Host: Chris Vincent (Director of Demand at Datashield)
Details: Join Chris as he interviews Dave about the state of security in 2021. This event will also feature a live Q&A so bring your questions to ask a CISO anything and everything about cybersecurity.
February 25th 2021 – 11am MST
Workshop: How to Get a Job in IT
Panel: Mallory Phelps (Manager of Recruiting at HireRising & Dave Norlin (CISO at Datashield)
Host: Cassidy Trowbridge (Digital Marketing at Datashield)
Details: Watch our panel featuring both recruiters and hiring managers as they discuss the do’s and dont’s when applying and interviewing for a job in IT.
March 18th 2021 – TBD
Event: Supplier Showcase
Presenter: Featured Vendor TBD
Host: Mike Heller (Director of Product at Datashield)
Details: Join Mike as he features a Datashield product partner
April 15th 2021 – TBD
Event: Datashield Q1 Review
Presenter: Mike Heller (Director of Product) + Datashield Team
Host: Chris Vincent (Director of Demand at Datashield)
Details: Join the Datashield team as they review Q1 highlights.
*Specific dates and times subject to change; stay tuned to our Events page throughout 2021.
Datashield Partner Update
2020 was a fantastic year for Datashield as we expanded the value we bring to our customers by adding specific offerings in EDR, NDR, Email Security, Vulnerability Management, and Digital Risk Protection. We were busy! To accomplish this, we made strategic partnerships in these spaces while strengthening our existing relationships. Important to note is that we really looked to partner with leaders in their respective verticals and with companies that are on the leading edge of technology in the security space.
2021 looks to be just as exciting as we really focus on execution and delivery of these solutions through a consultative approach and best in class service.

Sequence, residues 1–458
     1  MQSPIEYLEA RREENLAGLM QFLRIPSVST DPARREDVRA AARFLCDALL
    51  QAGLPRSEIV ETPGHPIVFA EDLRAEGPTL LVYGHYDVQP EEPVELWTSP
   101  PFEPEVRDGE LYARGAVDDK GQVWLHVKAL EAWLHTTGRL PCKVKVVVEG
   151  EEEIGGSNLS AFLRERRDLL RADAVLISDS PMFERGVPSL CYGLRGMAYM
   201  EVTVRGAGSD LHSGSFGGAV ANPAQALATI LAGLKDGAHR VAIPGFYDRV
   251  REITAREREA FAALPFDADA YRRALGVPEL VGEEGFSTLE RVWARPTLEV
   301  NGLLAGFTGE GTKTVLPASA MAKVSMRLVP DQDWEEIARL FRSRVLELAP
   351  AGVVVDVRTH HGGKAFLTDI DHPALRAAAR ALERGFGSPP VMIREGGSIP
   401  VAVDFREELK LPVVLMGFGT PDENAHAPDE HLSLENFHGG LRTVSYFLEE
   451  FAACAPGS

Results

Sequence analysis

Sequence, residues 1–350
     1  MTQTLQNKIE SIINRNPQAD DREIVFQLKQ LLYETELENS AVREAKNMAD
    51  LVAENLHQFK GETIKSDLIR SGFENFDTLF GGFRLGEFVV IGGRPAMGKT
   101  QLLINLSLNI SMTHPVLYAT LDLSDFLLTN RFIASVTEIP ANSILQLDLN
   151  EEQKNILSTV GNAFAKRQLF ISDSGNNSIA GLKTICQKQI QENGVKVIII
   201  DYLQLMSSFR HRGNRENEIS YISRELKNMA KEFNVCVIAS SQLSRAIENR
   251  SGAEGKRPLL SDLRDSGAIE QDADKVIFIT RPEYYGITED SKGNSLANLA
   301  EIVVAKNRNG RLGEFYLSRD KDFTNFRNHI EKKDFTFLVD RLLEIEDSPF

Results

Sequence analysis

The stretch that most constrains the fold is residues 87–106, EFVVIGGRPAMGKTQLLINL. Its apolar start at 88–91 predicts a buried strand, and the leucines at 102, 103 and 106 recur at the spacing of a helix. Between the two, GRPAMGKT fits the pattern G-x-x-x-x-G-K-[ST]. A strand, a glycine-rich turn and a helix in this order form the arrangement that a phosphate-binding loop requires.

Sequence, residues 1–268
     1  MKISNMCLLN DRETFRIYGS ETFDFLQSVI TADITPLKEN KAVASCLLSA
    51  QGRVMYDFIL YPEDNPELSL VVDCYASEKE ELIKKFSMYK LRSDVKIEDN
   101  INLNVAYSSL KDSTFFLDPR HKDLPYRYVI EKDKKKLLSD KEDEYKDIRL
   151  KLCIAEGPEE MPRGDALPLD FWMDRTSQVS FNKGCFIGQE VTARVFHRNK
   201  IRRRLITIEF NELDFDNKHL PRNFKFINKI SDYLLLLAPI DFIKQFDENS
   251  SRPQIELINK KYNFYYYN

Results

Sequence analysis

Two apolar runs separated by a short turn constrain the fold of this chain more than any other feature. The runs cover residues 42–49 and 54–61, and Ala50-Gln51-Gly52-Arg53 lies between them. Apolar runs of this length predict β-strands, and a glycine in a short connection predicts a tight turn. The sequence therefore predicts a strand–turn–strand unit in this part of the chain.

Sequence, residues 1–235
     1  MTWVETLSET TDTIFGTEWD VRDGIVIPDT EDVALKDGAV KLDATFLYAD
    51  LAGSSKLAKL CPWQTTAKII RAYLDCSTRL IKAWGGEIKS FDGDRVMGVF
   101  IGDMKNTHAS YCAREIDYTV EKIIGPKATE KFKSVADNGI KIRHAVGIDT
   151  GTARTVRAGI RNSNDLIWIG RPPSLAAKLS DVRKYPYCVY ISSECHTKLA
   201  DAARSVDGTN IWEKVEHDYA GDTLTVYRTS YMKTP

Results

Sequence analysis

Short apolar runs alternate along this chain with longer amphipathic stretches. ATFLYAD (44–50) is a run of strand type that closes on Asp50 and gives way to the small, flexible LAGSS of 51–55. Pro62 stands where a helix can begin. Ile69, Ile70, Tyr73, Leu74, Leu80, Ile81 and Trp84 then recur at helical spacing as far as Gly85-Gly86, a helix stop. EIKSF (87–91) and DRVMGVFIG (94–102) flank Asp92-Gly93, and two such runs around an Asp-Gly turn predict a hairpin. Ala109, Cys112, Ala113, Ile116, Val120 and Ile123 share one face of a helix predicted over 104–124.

Gartner Magic Quadrant and Forrester Wave
Security Operations and Threat Intelligence Quarterly Update
MITRE ATT&CK Phases
We have also continued to utilize and benefit from using the MITRE ATT&CK framework to identify where the threats are being detected in the environment. The ATT&CK framework breaks attacks into twelve distinct attack phases. Although these may not always relate to one another directly, as not all attacks will unfold identically, they are useful in determining the level of advancement and progression during observation of malicious activity.
One major aspect of security is filtering through all the noise and focusing on the threats that are going to be impactful to our customers. We keep a look out for major CVE’s that would have a wide range of impact for all our customers and notify our clients of the recently released CVE’s. We also create detections and alerts surrounding these new CVE’s to detect them when they are used to target your environment.
Oracle released a patch for the Oracle in October 2020 for a plethora of security patches. One of these patches targeted Oracles E-Buisness Suite APIs, CVE-2020-14822, which unpatched would allow unauthenticated attackers with network access to run commands on the impacted oracle devices. Datashield was able to create the necessary protections to detect this exploit and deploy it.
CVE-2020-16898 – “Bad Neighbor”
Microsoft released a security bulletin on 10/13/2020 affecting the Windows IPV6 stack, which allows attackers to send maliciously crafted packets to execute arbitrary code on a remote system. POC’s were created for the exploit, allowing our content team to replicate the attacker in our malware environment and create the necessary alerts to detect this vulnerability.